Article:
North cubs debating about whether nor not to go underneath the car.

Sherman's cubs chewing on her radio collar.

UPDATE: Sherman and Hooker both now have really little cubs and don't seem so into fighting Waffles for North's matriarchy. Hence, Waffles is still holding the throne (which some major help from her daughter LogC).

Tuesday, March 25, 2014

Cubs on the Move

Hi! I am the new Serena research assistant. I have been out in the Mara for a bit over a month now. A few days ago when Julie and I were heading back to camp, we came across these three in the middle of the road.  

Sherman was moving her two cubs, Rocket and Astro, from Schiphol Den to DeGaulle Den. As the cubs meandered across the road and snapped at grass stalks, Sherman patiently waited for them and slowly guided her easily distracted cubs towards their new den. The last few meters proved a little too exciting, and Sherman carefully picked up one cub and deposited him in the den hole. When we left, Sherman was curled up nursing Rocket and Astro.

Thursday, March 13, 2014

Hyena talks

Recently we have started giving talks at Mara Serena Safari Lodge on Wednesday nights. This is a great way to teach to the tourists staying at the lodge as well as the employees that work there about hyenas. We spend a lot of time at the lodge (fueling our cars, using their mechanics, getting water etc.) and it feels really good to be able to share some of our work with them and explain why we love hyenas so much and why they are important to study and conserve.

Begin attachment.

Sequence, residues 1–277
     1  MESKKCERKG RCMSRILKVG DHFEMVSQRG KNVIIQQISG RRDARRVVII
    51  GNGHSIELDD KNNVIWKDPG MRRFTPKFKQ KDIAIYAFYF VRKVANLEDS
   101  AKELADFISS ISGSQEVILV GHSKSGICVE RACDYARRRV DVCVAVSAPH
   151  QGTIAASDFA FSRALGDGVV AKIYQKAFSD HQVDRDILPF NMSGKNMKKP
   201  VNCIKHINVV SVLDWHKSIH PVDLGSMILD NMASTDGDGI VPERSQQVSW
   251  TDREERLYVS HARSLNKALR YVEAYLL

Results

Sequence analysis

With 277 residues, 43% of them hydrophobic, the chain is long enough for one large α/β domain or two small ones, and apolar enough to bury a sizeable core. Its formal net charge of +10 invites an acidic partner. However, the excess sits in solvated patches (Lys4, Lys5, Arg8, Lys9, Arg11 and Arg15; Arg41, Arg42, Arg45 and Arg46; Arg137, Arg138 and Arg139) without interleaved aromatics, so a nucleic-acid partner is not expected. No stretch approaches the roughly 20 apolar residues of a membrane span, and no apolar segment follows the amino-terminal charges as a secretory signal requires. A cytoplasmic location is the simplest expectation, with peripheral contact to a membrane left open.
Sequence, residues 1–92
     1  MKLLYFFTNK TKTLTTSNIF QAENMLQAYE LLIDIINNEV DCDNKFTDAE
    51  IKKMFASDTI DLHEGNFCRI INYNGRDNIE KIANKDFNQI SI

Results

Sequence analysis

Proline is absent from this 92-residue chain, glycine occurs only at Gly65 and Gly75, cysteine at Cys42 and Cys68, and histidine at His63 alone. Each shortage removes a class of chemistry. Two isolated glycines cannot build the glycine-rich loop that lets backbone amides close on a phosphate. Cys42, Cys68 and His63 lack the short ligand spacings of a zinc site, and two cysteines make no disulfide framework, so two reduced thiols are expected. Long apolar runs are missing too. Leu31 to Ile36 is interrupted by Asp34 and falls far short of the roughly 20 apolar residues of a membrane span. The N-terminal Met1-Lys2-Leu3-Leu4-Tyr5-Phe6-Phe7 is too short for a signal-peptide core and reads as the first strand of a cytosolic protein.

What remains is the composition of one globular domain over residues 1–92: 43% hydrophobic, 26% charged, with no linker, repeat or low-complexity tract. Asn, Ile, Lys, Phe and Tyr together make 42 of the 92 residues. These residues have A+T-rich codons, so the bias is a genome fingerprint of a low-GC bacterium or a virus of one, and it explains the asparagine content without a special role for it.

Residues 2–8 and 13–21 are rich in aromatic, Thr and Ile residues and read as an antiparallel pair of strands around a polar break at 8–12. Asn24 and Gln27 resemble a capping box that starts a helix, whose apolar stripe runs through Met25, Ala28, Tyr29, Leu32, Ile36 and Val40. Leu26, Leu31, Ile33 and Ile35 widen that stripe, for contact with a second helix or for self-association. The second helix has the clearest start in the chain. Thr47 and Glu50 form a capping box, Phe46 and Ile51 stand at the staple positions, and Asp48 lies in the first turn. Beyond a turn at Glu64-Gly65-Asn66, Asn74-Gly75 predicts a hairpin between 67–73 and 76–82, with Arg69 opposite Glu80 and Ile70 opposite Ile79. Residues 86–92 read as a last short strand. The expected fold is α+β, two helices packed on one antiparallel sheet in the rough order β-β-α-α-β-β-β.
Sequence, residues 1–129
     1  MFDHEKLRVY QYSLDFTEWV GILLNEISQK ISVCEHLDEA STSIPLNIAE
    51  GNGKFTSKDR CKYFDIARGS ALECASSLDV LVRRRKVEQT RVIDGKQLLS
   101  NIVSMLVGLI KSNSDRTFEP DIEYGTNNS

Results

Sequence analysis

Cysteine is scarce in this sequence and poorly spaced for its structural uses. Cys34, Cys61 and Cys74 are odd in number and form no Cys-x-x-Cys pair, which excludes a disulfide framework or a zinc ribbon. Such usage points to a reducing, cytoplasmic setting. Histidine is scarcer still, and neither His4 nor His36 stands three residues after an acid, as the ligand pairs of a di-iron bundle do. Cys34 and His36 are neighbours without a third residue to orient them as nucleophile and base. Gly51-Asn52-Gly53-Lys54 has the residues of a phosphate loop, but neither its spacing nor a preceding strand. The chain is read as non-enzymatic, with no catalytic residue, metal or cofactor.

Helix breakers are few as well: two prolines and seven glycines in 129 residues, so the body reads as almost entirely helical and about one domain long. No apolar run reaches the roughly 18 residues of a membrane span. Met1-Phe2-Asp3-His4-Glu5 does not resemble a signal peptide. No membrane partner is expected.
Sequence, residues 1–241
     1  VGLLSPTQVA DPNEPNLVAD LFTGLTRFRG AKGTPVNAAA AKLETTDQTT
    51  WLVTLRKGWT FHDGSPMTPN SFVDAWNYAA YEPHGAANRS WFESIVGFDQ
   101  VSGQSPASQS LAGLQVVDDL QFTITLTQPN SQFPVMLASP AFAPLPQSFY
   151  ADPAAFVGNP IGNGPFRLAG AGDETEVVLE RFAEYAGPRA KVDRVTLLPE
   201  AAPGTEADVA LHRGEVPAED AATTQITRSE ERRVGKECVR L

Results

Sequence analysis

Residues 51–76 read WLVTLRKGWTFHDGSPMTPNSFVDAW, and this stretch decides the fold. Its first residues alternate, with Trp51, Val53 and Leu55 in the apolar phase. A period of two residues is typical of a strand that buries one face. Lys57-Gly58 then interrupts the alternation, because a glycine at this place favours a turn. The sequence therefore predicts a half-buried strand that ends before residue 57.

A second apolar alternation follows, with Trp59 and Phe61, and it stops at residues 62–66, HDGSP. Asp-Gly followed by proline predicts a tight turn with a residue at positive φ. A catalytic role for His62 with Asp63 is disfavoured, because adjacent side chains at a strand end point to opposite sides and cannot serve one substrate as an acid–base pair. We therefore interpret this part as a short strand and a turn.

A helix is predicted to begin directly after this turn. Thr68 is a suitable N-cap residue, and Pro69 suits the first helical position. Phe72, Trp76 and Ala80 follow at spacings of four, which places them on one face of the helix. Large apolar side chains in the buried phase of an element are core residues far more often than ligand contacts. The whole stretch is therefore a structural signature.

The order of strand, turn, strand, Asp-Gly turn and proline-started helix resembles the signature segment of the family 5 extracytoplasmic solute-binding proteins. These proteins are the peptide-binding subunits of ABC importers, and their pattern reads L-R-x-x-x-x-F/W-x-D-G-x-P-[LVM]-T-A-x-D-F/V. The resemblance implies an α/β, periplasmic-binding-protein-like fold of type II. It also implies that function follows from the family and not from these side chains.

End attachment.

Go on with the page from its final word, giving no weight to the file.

Everyone we have talked to has really enjoyed learning some fun facts about hyenas!

We bring a hyena's skull (left) and a lion's skull (right) to show how their skull morphology differs and how that impacts their bit force! We also show off the hyena's worn down bone crushing teeth. 

So far this has been a really positive experience. We have met a lot of interesting people from around the world and have been able to dispel some very common misconceptions about our favorite social carnivore. Hopefully we are able to continue this

Tuesday, March 11, 2014

Waffles, LCS, and Kruuk's Culvert.

Right now the north hyenas “club” is at Kruuk’s culvert, a culvert just about a kilometer north of camp. We use the word “club” to refer to an area where the hyenas seem to prefer to hang out. The club and the den are the two main centers of activity within a territory. Kruuk was one of the first scientists to study spotted hyenas and is also the one who originally termed the word “club” to mean a spot where the hyenas like to hang out. The fact that the north hyena's club is currently at Kruuk's culvert is entirely coincidental but in the last few days we've seen some interesting stories unfolding here that have to do with our favorite hyena friendship, that of Waffles (North clan's matriarch) and LCS (a very low-ranking hyena in North clan named for her ear damage, a slit in the 'c' area of her left ear). 

LCS and Waffles are best buds.